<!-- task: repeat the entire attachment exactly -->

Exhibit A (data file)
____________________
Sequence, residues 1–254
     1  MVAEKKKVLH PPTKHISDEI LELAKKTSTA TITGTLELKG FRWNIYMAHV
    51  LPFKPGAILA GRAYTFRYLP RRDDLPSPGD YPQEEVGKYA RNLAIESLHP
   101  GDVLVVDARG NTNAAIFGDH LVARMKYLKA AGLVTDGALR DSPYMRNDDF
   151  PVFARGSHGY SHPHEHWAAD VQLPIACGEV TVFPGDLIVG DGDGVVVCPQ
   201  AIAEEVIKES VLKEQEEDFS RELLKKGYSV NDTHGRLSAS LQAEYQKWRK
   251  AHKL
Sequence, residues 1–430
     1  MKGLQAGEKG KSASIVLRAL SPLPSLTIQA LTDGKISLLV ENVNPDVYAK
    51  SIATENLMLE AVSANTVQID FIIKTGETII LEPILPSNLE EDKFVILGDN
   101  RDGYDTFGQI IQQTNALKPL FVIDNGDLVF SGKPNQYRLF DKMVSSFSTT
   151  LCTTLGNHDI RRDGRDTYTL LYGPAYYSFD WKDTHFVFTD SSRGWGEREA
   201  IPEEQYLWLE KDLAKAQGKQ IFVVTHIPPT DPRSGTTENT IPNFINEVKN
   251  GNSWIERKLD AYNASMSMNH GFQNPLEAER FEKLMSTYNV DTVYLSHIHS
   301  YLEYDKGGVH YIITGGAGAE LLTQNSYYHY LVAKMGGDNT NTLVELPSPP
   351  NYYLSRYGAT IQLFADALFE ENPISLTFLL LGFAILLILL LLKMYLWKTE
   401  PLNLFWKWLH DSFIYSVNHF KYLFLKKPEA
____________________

Sequence, residues 1–254
     1  MVAEKKKVLH PPTKHISDEI LELAKKTSTA TITGTLELKG FRWNIYMAHV
    51  LPFKPGAILA GRAYTFRYLP RRDDLPSPGD YPQEEVGKYA RNLAIESLHP
   101  GDVLVVDARG NTNAAIFGDH LVARMKYLKA AGLVTDGALR DSPYMRNDDF
   151  PVFARGSHGY SHPHEHWAAD VQLPIACGEV TVFPGDLIVG DGDGVVVCPQ
   201  AIAEEVIKES VLKEQEEDFS RELLKKGYSV NDTHGRLSAS LQAEYQKWRK
   251  AHKL
Sequence, residues 1–430
     1  MKGLQAGEKG KSASIVLRAL SPLPSLTIQA LTDGKISLLV ENVNPDVYAK
    51  SIATENLMLE AVSANTVQID FIIKTGETII LEPILPSNLE EDKFVILGDN
   101  RDGYDTFGQI IQQTNALKPL FVIDNGDLVF SGKPNQYRLF DKMVSSFSTT
   151  LCTTLGNHDI RRDGRDTYTL LYGPAYYSFD WKDTHFVFTD SSRGWGEREA
   201  IPEEQYLWLE KDLAKAQGKQ IFVVTHIPPT DPRSGTTENT IPNFINEVKN
   251  GNSWIERKLD AYNASMSMNH GFQNPLEAER FEKLMSTYNV DTVYLSHIHS
   301  YLEYDKGGVH YIITGGAGAE LLTQNSYYHY LVAKMGGDNT NTLVELPSPP
   351  NYYLSRYGAT IQLFADALFE ENPISLTFLL LGFAILLILL LLKMYLWKTE
   401  PLNLFWKWLH DSFIYSVNHF KYLFLKKPEA